Insights are a load of crap

Paul Hindle is sick of the advertising industry's penchant for labelling every scrap of information as a 'killer insight'.

Yes, I agree, my headline is click-bait.

What I really mean is, most of what passes for insights is a load of crap.

Much of the advertising industry-at-large – and often the media discipline that I work in – appears to have drunk the Kool-Aid that states no worthwhile communications plan can be achieved without an insight. A ‘killer insight’ even, as I occasionally see it breathlessly referred to.

In theory, that all sounds great. Who doesn’t love a killer insight? However, in theory there is no difference between theory and practice, while in practice there is.

In practice what I see are mostly observations of the obvious. Some years back, I read a winning USA Media Plan of the Year write-up of a national campaign micro-targeting multiple ethnic groups.

It was a credible piece of work that clearly took considerable effort and some level of skill. And, per the write-up, it all sprang forth from the ‘insight’ that ethnic groups prefer to receive communications in their native language.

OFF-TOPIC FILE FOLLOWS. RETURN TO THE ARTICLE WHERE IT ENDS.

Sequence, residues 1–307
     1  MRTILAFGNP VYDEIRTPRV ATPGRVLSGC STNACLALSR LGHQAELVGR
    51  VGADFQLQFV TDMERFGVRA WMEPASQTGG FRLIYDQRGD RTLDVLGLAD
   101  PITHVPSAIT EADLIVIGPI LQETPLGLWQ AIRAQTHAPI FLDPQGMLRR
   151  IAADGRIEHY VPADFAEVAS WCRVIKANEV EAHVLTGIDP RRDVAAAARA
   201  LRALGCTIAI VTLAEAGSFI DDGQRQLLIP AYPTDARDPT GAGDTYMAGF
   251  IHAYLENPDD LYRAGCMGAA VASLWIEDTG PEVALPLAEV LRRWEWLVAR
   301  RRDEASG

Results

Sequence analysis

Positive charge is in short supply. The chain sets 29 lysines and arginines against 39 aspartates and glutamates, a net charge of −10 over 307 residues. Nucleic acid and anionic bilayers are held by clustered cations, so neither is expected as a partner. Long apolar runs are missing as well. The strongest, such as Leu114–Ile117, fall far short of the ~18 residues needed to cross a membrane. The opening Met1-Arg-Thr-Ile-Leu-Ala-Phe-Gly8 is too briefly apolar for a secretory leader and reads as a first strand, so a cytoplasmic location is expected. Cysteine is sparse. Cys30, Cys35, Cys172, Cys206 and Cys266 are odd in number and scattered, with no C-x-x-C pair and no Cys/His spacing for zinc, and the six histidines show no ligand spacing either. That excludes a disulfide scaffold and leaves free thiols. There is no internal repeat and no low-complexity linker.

Well I never, gracious me Sherlock! Whatever next? Mothers want the best for their children? Teenagers like video games and music? Oh, the insight! Maybe too much insight.

Why is the industry still in this state of affairs? In my opinion, blame the ‘look-I’m-adding-value’ huffery and puffery that’s become associated with all the briefing boxes and planning process stages. If it’s marked ‘insight’, gotta fill it. Fill it with an obvious observation. Or a statistic, or a fact about the consumer, or some brand wish marketing-speak nonsense.

The irony is that data and observations are incredibly useful to campaign creation and planning, as they suggest a course of action a la that Media Plan of the Year. I do not subscribe to the view that every effective approach must stem from a genuine insight. But I do believe it strains the credibility of the presenter if data and observations are offered up as such.

Larry Light, the formidable American marketing sage, has a test to determine, in his words, relevant and actionable insights. He judges them by two criteria:

1. Were you surprised by what you learned? YES or NO

2. Because of what you learned, will you change what you recommend? YES or NO

Only a YES on both counts qualifies as a relevant and actionable insight.

I’d nominate ‘insight’ as the most debased, misunderstood and misapplied term in all of advertising – and that’s saying something. Relevant and actionable insights are rare and take effort to find. They should be celebrated when we do find them. And they shine brighter when we don’t surround them with crap.

Paul Hindle is head of strategy at OMD WA. This post first appeared on his LinkedIn here.


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